Can we all agree there's a fuel crisis?
Up to now, many Americans haven't been too worried about oil and its effects on the environment, or the world unrest that seems to be at the heart of the black liquid. I make that judgment based on the number of SUVs and pickups on the road.
But forget all that nonsense. What really bothers us is how the price of oil affects our wallets. And that problem doesn't seem to be going away.
The Alternative Fuels & Vehicles National Conference + Exposition was at the Rio this week, and I went there with hope, expectations and an open mind.
I walked away even more concerned about the fuel future.
"Don't wait for the perfect alternative fuel. There ain't one," said Sam Swearngin, fleet manager for the city of Kansas City, Mo., as he addressed fellow fleet managers from across the nation.
Swearngin's words echoed loudest among the messages I took away from the conference: There's no silver bullet to cure the fuel crisis.
Most of the ideas being bandied about at the conference were as old as automobiles themselves.
Biodiesel vehicles, which use fuels made from plants such as soybeans, are similar to the first diesel engine created by Rudolf Diesel, who ran his using peanut oil.
Henry Ford built an automobile that ran on ethanol, a form of alcohol produced from corn.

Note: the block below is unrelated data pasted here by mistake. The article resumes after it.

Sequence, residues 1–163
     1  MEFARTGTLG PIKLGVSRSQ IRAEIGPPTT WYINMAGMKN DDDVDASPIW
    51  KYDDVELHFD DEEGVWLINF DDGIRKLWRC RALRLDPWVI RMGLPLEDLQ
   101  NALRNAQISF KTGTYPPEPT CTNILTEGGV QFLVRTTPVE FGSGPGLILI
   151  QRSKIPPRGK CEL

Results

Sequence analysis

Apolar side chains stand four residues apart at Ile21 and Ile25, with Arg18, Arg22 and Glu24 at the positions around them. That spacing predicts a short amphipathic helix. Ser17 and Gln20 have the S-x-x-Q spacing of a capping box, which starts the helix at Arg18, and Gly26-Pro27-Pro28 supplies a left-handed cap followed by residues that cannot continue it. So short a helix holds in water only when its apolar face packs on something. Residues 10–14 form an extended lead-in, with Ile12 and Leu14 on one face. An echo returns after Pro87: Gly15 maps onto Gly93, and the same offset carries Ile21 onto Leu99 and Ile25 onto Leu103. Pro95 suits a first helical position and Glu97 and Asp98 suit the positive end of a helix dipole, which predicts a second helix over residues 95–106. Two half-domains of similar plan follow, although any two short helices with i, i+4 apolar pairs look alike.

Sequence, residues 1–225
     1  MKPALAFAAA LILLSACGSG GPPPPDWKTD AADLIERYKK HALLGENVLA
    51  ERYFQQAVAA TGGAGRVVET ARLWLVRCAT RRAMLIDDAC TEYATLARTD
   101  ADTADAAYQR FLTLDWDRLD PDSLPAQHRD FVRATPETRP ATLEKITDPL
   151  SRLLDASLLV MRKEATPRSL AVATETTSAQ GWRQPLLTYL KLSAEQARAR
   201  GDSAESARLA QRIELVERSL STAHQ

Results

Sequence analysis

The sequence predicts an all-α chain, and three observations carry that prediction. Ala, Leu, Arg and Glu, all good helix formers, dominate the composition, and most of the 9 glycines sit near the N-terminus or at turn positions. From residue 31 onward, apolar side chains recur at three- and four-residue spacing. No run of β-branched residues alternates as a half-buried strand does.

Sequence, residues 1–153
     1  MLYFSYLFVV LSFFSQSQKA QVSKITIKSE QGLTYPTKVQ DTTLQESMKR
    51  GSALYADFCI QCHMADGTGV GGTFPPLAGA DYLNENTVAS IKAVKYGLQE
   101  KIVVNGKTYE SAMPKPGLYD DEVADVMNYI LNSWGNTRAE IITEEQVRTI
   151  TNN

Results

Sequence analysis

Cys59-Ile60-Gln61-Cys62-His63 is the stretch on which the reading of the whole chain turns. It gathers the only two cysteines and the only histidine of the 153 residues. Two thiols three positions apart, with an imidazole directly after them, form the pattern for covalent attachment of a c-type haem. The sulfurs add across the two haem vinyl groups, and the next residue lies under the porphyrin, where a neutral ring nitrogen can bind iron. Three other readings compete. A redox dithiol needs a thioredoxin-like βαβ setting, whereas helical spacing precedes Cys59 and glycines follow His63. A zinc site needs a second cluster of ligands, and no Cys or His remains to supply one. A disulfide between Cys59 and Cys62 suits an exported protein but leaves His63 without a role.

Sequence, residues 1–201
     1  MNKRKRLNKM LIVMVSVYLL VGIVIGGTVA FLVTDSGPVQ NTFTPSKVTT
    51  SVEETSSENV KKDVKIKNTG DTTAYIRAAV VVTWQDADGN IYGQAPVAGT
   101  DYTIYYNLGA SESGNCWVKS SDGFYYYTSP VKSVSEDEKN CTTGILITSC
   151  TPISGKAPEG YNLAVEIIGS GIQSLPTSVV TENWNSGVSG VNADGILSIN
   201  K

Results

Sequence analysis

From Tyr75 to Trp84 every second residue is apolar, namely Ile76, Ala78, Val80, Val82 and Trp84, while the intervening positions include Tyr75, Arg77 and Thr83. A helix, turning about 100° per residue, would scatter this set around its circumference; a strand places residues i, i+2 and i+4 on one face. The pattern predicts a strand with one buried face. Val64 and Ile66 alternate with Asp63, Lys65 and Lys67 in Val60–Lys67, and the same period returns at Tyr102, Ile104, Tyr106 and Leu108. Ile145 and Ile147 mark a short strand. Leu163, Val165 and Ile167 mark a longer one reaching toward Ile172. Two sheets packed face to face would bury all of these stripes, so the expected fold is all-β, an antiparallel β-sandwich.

The first electric vehicle dates back to the 19th century.
The reason these ideas never made it into the mainstream was because none was as efficient as gasoline. Back then, gasoline was the silver bullet.
Today there are other options: hydrogen fuel cells, compressed natural gas, methane captured from garbage dumps.
But each has its problems.
Increased use of ethanol is being blamed for a world hunger crisis, though something tells me that the higher price of gasoline and diesel used to cultivate and transport food might be a part of the problem.
Some, like the electric car, might appear more appealing environmentally. But the electricity used to fuel the cars would come from coal-powered plants or other environmentally unfriendly sources.
Compressed natural gas requires such a large fuel tank it would eliminate the trunk in most of today's vehicles.
Hydrogen fuel cells are, at this point, too expensive to be commercially viable on a large scale.
It would take about a decade to develop these fuels into vehicles that can be mass produced, said John O'Dell, senior editor of Green Car Advisor, Edmunds.com.
John Dinkel, who has spent more than 30 years as an automotive author, consultant and journalist who has edited for Road & Track magazine, didn't have a positive outlook.
"I look at all the alternative fuel projects ... and I equate that with Band-Aid engineering," he said. "I don't see any real alternative solutions" to fossil fuels.
Dinkel suggests that what needs to happen is government-sponsored research into every type of alternative fuel and the development of more efficient and longer-lasting batteries, something akin to a "Manhattan Project" for fuel.
In the meantime, the world is not producing more oil, but consumption is continuing to rise.
People in China and India are buying more and more automobiles. As both countries continue to industrialize, their use of oil will increase.
Experts are predicting $200 a barrel for crude oil and $7 for a gallon of gasoline in the United States within the next few years.
While no one really knows for sure when we will run out of oil or how much is actually left -- folks in Brazil just found a whole bunch off their coast -- the demand is still growing and production is not.
Maybe we have 50 years of oil left. Maybe 100. Maybe more.
I wonder if it matters, because who's going to be able to afford it?